Error with One-Way WSDL Operations and BizTalk Receive Locations

Do you ever do WSDL-first web service development?  Regardless of the reason that you do this (e.g. you’re an architectural-purist, your mother didn’t hold you enough), this style of service design typically works fine with BizTalk Server solutions.  However, if you decide to build a one-way input service, you’ll encounter an annoying, but understandable error.

Let’s play this scenario out.  I’ve hand-built a WSDL that takes in an “employee update” message through a one-way service.  That is, no response is needed by the party that invokes the service.

The topmost WSDL node defines some default namespace values and then has a type declaration which describes our schema.

<wsdl:definitions name="EmployeeUpdateService"
targetNamespace="http://Seroter.OneWayWsdlTest.EmployeeProcessing"
xmlns:wsdl="http://schemas.xmlsoap.org/wsdl/"
xmlns:soap="http://schemas.xmlsoap.org/wsdl/soap/"
xmlns:tns="http://Seroter.OneWayWsdlTest.EmployeeProcessing">
  <!-- declare types-->
  <wsdl:types>
    <xs:schema xmlns="http://Seroter.OneWayWsdlTest.EmployeeProcessing" xmlns:b="http://schemas.microsoft.com/BizTalk/2003" targetNamespace="http://Seroter.OneWayWsdlTest.EmployeeProcessing" xmlns:xs="http://www.w3.org/2001/XMLSchema">
      <xs:element name="EmployeeUpdate">
        <xs:complexType>
          <xs:sequence>
            <xs:element name="EmpId" type="xs:string" />
            <xs:element name="UpdateType" type="xs:string" />
            <xs:element name="DateUpdated" type="xs:string" />
          </xs:sequence>
        </xs:complexType>
      </xs:element>
    </xs:schema>
  </wsdl:types>

Next, I defined my input message, port type with an operation that accepts that message, and then a binding that uses that port type.

<!-- declare messages-->
  <wsdl:message name="Request">
    <wsdl:part name="part" element="tns:EmployeeUpdate" />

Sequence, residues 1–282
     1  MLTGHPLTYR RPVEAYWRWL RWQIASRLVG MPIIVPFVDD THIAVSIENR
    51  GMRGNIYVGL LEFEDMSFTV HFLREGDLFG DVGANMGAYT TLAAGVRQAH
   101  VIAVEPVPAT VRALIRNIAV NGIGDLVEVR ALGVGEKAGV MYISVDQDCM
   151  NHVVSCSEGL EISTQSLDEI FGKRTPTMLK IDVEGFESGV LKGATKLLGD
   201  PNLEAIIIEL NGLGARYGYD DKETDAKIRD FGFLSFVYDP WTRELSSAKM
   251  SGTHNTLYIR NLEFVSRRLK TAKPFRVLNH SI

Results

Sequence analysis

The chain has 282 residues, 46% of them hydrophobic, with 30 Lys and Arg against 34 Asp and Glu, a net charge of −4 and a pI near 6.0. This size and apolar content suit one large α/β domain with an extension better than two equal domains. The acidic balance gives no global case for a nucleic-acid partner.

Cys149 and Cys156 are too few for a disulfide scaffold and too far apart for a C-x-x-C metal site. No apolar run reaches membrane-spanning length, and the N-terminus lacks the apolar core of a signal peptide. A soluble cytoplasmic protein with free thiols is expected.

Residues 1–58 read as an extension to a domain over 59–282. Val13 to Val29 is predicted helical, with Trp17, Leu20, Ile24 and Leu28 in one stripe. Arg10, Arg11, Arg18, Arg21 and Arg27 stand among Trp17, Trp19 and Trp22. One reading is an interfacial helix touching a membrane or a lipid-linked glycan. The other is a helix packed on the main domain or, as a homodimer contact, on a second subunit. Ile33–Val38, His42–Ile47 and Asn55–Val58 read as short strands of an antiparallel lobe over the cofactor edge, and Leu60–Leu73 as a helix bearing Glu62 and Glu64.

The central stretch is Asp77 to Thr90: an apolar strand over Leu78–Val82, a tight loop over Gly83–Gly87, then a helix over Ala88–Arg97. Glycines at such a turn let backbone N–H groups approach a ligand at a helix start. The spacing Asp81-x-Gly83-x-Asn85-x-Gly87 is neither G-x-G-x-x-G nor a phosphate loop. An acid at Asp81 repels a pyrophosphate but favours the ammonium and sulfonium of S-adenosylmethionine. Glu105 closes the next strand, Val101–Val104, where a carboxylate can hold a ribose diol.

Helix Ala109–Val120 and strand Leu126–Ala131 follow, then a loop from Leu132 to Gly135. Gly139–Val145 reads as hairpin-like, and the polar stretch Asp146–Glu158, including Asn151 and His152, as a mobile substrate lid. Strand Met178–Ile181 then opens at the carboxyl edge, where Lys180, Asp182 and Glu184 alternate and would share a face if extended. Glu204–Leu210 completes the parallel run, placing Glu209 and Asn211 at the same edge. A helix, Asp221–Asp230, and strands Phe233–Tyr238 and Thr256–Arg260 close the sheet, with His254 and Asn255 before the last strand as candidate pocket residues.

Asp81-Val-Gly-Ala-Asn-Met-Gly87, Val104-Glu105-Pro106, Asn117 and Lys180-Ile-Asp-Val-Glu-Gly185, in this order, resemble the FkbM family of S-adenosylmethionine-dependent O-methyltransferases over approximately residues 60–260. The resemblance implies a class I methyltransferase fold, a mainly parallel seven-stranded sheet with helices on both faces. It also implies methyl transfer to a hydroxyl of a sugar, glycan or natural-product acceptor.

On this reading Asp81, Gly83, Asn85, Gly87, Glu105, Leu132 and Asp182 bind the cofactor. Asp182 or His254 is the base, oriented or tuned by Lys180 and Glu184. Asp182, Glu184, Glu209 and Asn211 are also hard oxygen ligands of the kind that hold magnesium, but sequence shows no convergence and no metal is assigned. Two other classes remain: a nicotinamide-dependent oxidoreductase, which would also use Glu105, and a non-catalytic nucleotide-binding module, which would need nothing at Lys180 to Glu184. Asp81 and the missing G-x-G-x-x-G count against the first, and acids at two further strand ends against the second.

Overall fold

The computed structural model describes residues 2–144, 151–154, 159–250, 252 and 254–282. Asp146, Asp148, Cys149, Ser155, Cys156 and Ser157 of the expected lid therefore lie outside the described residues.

</wsdl:message>
  <!-- decare port types-->
  <wsdl:portType name="EmployeeUpdate_PortType">
    <wsdl:operation name="PublishEmployeeRequest">
      <wsdl:input message="tns:Request" />
    </wsdl:operation>
  </wsdl:portType>
  <!-- declare binding-->
  <wsdl:binding name="EmployeeUpdate_Binding" type="tns:EmployeeUpdate_PortType">
    <soap:binding transport="http://schemas.xmlsoap.org/soap/http"/>
    <wsdl:operation name="PublishEmployeeRequest">
      <soap:operation soapAction="PublishEmployeeRequest"
      style="document"/>
      <wsdl:input>
        <soap:body use ="literal"/>
      </wsdl:input>
    </wsdl:operation>
  </wsdl:binding>

Finally, I created a service declaration that has an endpoint URL selected.

<!-- declare service-->
  <wsdl:service name="EmployeeUpdateService">
    <wsdl:port binding="tns:EmployeeUpdate_Binding" name="EmployeeUpdatePort">
      <soap:address location="http://localhost:8087/EmployeeUpdateService/Service.svc"/>
    </wsdl:port>
  </wsdl:service>
</wsdl:definitions>

I copied this WSDL to the root of my web server that so that it has a URL that can be referenced later.

Let’s jump into a BizTalk project now.  Note that if you design a service this way (WSDL-first), you CAN use the BizTalk WCF Service Consuming Wizard to generate the schemas and orchestration messaging ports for a RECEIVE scenario.  We typically use this wizard to build artifacts to consume a service, but this actually works pretty well for building services as well.  Anyway, I’m going to take the schema definition from my WSDL and manually create a new XSD file.

2010.12.05oneway01

This is the only artifact I need to develop.  I deployed the BizTalk project and switched to the BizTalk Administration Console where I will build a receive port/location that hosts a WCF endpoint.   First though, I created a one-way Send Port which subscribes to my message’s type property and emits the file to disk.

2010.12.05oneway02

Next I added a new one-way receive port that will host the service.  It uses the WCF-Custom adapter so that I can host the service in-process instead of forcing me to physically build a service to reside in IIS.

2010.12.05oneway03

On the General tab I set the address to the value from the WSDL (http://localhost:8087/EmployeeUpdateService/Service.svc).  On the Binding tab I chose the basicHttpBinding.  Finally, on the Behavior tab, I added a Service Behavior and selected the serviceMetadata behavior from the list.  I set the externalMetadataLocation to the URL of my custom WSDL and flipped the httpGetEnabled value to True.